House prices in the United States rose for the 34th consecutive quarter, according to 2019 fourth quarter data released Tuesday by the Federal Housing Finance Authority.
“US house prices have risen continuously since 2011,” said Lynn Fisher, Deputy Director of the Division of Research and Statistics at FHFA. “Falling interest rates and steady job growth renewed housing demand in 2019 and may have arrested the resent deceleration in home prices that began in 2018.”
House prices were up 1.3 percent for the quarter and 5.1 percent over the fourth quarter of 2018. The FHFA analysis also found:
- U.S. house prices have increased every quarter since September 2011.
- House prices rose in all 50 states and the District of Columbia between the fourth quarters of 2018 and 2019.
- The top five areas in annual appreciation were: Idaho 12.0 percent; Utah 8.1 percent; Arizona 7.0 percent; Washington 7.0 percent; and Indiana 7.0 percent.
- The areas showing the smallest increase were Connecticut 1.9 percent; Illinois 2.0 percent; Iowa 2.1 percent; Mississippi 2.8 percent; and Louisiana 3.0 percent.
- House prices rose in 97 of the top 100 largest metropolitan areas in the U.S. over the last four quarters. Annual price increases were greatest in Boise City, Idaho, where prices increased by 12.7 percent. Prices were weakest in Albany-Schenectady-Troy, New York, where they fell by -1.8 percent.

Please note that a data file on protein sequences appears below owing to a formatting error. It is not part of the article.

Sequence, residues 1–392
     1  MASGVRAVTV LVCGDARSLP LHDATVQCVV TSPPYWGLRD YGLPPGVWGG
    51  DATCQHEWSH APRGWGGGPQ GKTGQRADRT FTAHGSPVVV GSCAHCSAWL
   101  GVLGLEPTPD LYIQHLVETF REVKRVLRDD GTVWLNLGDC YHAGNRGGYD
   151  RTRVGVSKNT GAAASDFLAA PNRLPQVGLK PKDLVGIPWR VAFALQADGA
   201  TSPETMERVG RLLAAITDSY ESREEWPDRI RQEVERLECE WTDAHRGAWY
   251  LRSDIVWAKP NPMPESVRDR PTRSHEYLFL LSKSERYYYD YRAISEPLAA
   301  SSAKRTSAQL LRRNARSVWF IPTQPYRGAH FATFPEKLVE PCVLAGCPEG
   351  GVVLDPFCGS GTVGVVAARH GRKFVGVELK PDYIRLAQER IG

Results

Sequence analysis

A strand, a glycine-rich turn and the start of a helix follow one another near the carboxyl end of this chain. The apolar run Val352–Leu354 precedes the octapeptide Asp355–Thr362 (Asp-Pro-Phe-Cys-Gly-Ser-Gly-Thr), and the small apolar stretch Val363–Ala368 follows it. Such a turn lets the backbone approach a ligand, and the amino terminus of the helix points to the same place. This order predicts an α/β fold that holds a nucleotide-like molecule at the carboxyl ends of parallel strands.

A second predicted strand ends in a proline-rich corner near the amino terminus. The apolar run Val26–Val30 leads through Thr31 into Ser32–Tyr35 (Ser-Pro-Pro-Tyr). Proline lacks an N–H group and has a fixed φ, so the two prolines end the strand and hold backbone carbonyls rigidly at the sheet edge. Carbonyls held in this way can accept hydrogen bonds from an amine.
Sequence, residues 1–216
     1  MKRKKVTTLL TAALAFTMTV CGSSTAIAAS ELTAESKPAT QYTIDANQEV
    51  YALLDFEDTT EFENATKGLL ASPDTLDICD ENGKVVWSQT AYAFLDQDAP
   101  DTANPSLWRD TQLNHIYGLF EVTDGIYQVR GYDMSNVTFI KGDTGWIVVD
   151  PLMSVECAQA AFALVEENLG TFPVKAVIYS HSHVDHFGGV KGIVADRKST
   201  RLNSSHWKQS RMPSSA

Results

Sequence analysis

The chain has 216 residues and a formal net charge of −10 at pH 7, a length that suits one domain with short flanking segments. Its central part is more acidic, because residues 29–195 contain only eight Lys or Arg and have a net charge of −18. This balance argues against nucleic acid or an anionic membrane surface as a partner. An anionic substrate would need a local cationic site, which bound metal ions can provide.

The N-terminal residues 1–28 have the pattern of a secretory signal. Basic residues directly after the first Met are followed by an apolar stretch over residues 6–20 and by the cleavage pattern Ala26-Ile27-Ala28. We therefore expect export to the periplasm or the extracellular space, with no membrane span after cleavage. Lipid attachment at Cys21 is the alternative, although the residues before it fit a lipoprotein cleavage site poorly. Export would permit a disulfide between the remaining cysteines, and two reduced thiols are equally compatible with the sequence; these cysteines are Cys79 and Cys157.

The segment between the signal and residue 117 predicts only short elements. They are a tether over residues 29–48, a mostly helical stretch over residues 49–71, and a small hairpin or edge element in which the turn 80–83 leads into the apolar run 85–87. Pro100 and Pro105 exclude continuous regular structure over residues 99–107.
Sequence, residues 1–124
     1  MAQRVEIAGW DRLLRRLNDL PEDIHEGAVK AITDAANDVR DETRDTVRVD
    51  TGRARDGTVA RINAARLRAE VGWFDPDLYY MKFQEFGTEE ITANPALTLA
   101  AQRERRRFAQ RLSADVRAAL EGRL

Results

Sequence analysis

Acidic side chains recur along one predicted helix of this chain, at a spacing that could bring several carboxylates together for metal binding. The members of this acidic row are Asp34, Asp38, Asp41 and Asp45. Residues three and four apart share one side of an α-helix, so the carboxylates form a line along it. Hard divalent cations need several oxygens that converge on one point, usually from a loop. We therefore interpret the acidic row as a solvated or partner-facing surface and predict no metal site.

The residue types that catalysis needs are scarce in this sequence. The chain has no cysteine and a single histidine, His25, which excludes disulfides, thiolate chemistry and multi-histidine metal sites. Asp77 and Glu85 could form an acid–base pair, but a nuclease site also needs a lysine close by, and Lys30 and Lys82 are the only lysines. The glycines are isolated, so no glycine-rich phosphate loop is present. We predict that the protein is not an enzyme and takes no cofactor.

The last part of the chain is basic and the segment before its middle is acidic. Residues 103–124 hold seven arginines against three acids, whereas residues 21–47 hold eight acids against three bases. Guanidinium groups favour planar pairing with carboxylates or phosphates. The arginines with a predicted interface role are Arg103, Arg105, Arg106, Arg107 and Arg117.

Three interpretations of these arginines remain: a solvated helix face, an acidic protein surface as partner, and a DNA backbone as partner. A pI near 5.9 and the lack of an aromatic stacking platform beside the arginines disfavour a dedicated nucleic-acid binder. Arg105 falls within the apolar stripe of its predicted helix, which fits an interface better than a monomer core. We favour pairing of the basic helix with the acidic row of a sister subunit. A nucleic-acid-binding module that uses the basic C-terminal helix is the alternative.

- The biggest increasing was seen in the Mountain division, which gained 6.7 percent between the fourth quarters of 2018 and 2019 and a 1.4 percent increase in the fourth quarter of 2019.
- The weakest? New England, where prices increased 3.9 percent over the year.
Watch Fisher discuss the latest numbers here:
Also Tuesday, the S&P CoreLogic Case-Shiller U.S. National Home Price NSA Index reported a 3.8 percent annual gain in December, up from 3.5 percent in the previous month.
The group’s 20-City Composite posted a 2.9 percent year-over-year gain, up from 2.5 percent in the previous month. In December, Phoenix had the biggest growth with a 6.5 percent increase for the year, followed by Charlotte (5.3 percent) and Tampa (5.2 percent).
“The U.S. housing market continued its trend of stable growth in December,” said Craig J. Lazzara, Managing Director and Global Head of Index Investment Strategy at S&P Dow Jones Indices. “December’s results bring the National Composite Index to a 3.8% increase for calendar 2019.”